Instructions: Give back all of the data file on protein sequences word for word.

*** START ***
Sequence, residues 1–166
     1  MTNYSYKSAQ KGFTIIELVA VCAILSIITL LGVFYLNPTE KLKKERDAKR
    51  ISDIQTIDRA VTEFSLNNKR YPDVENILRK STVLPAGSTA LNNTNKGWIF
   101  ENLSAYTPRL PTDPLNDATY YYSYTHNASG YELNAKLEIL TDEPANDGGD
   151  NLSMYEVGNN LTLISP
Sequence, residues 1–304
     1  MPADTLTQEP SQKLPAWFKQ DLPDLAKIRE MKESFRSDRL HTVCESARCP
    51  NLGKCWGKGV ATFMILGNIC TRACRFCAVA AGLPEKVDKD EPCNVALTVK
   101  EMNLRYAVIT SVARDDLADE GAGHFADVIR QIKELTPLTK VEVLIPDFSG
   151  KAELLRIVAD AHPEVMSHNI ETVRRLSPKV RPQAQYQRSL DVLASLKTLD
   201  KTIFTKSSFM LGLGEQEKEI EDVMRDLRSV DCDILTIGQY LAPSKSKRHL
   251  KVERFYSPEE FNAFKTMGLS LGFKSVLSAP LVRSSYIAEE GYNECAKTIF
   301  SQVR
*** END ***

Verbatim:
Sequence, residues 1–166
     1  MTNYSYKSAQ KGFTIIELVA VCAILSIITL LGVFYLNPTE KLKKERDAKR
    51  ISDIQTIDRA VTEFSLNNKR YPDVENILRK STVLPAGSTA LNNTNKGWIF
   101  ENLSAYTPRL PTDPLNDATY YYSYTHNASG YELNAKLEIL TDEPANDGGD
   151  NLSMYEVGNN LTLISP
Sequence, residues 1–304
     1  MPADTLTQEP SQKLPAWFKQ DLPDLAKIRE MKESFRSDRL HTVCESARCP
    51  NLGKCWGKGV ATFMILGNIC TRACRFCAVA AGLPEKVDKD EPCNVALTVK
   101  EMNLRYAVIT SVARDDLADE GAGHFADVIR QIKELTPLTK VEVLIPDFSG
   151  KAELLRIVAD AHPEVMSHNI ETVRRLSPKV RPQAQYQRSL DVLASLKTLD
   201  KTIFTKSSFM LGLGEQEKEI EDVMRDLRSV DCDILTIGQY LAPSKSKRHL
   251  KVERFYSPEE FNAFKTMGLS LGFKSVLSAP LVRSSYIAEE GYNECAKTIF
   301  SQVR